Giancarlo writes, “The experience during the hurricane was like nothing else I have lived through previously, including Hugo. On my street, 14 out of 15 electric poles are down. 100% of Puerto Rico is without electric power. The trees on the mountains that surround our valley have been left without small branches and leaves. They are naked mountains. Water came into our house from beneath the doors. One door we had to secure using hanger wires in order to keep it closed. It felt like someone was pulling the door open from outside and at times, someone pushing it open from inside. But after the wiring we felt more safe [sic]. It was a miracle nothing happened to my car. It was our guardian angel.
“For cooking we use a propane grill. There we cook rice, beans, chicken stew; warm our morning and afternoon milk for our coffee. For water we have a roof-mounted cisterna (water tank) and there is a shy stream of water that comes down the pipes (gravity fed) but it will end eventually without more water coming in. We collect water from the house roof drain and store it for toilet use when needed once the water tank empties.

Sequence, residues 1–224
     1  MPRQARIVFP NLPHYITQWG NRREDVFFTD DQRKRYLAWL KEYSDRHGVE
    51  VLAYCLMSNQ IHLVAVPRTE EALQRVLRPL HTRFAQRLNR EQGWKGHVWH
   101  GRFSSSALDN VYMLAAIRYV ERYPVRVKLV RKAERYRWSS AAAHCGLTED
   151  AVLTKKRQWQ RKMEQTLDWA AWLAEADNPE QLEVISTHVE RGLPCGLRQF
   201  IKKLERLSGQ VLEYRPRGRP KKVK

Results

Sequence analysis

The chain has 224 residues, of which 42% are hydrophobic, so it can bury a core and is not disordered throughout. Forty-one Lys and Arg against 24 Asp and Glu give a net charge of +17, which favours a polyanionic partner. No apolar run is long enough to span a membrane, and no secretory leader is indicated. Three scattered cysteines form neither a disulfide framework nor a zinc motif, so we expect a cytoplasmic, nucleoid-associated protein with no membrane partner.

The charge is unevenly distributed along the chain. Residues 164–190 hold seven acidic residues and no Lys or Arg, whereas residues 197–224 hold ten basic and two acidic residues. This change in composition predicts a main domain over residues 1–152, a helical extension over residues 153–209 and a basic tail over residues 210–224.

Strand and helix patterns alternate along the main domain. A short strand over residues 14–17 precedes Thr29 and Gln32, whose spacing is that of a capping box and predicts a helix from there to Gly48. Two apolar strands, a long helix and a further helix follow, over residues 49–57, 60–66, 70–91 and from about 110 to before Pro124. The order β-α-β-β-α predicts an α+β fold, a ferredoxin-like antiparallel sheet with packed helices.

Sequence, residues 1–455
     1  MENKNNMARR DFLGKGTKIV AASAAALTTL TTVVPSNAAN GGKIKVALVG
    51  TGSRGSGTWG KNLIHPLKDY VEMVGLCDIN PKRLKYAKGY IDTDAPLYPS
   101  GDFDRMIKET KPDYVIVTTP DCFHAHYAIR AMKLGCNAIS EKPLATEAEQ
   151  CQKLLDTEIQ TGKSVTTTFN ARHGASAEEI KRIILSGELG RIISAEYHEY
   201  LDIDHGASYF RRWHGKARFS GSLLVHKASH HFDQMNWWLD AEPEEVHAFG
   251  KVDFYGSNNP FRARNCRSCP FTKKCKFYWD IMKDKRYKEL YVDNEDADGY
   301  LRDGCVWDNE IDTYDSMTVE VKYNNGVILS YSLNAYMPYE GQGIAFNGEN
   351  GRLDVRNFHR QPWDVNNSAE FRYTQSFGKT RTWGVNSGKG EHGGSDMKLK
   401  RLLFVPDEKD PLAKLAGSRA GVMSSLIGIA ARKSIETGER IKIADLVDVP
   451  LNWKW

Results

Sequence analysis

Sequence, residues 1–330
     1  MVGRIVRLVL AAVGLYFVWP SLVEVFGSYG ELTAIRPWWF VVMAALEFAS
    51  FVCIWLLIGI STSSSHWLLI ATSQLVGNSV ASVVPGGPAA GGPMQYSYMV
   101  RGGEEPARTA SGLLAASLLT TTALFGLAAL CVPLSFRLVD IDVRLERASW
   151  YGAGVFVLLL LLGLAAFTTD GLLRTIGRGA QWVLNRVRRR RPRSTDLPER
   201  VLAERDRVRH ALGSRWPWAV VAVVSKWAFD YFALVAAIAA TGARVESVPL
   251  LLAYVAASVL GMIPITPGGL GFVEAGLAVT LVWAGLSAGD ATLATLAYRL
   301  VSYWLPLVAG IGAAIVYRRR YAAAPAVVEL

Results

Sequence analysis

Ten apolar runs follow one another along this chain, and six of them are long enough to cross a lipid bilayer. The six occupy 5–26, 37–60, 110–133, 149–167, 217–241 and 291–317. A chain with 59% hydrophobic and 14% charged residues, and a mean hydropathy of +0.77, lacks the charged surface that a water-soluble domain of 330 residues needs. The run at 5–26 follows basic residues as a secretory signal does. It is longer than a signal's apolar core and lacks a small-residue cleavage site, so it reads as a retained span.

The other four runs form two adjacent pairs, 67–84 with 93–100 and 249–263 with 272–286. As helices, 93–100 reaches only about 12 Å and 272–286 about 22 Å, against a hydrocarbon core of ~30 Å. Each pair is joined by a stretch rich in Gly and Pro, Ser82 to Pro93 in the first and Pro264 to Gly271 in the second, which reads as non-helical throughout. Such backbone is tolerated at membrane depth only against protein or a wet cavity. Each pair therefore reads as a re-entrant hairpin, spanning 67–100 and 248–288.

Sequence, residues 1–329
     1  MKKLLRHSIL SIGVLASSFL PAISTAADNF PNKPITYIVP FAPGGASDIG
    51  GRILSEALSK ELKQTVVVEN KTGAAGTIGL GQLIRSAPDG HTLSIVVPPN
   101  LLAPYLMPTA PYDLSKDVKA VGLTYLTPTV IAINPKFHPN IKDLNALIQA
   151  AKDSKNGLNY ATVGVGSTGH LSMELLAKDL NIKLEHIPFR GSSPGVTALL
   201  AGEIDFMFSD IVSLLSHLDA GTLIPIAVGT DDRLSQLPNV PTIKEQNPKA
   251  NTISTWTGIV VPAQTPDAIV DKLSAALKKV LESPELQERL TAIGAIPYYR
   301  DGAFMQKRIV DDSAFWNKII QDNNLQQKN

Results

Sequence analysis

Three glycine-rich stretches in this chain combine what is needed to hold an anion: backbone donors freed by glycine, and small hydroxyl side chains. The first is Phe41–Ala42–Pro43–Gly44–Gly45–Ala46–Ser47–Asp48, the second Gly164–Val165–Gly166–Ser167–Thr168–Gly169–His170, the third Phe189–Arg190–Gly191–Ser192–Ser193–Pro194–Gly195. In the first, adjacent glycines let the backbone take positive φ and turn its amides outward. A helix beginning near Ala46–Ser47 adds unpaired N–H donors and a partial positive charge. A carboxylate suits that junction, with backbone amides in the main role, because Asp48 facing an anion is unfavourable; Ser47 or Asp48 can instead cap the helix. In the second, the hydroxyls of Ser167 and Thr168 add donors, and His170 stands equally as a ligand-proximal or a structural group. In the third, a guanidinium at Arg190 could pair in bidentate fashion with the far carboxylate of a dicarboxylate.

“On the first days we ate too much, wanting to consume the stock in the fridge. Now we’re down to eating lots of cookies, bread, snacks and other simple things. We don’t want to get the kitchen very messy. We’re buying the kind of milk sold in boxes for the girls. Since Irma hit, everyone is looking to buy size D batteries, not just for flashlights, but mostly for battery-operated fans. All the stock is gone.
“So much work to be done in terms of bushes and trees and scrap metal, road signs, lighting posts. It is hard to figure out where to begin. It is mind-boggling. Because there are no street lights, it’s dangerous to drive at night. A 6:00 pm to 6:00 am curfew was called, but few obey it. Everybody wants to go out and see the damage done.”
Fighting back tears during an interview with NBC Nightly News, the 54-year old Mayor Carmen Yulín says, “The Puerto Rico and the San Juan we once knew is no longer there. The human spirit is going to have to rise up real high. And I’m sure we have the strength to do it, but we’ll have to find it within ourselves.”
Downed trees littered this neighborhod in Caguas, Puerto Rico. (Photo: Giancarlo Martinez Bunker)
A number of local charity groups are providing direct aid to victims in Puerto Rico:
Resources for connecting with residents in Puerto Rico:
Puerto Rico Maria Updates, a public Facebook group.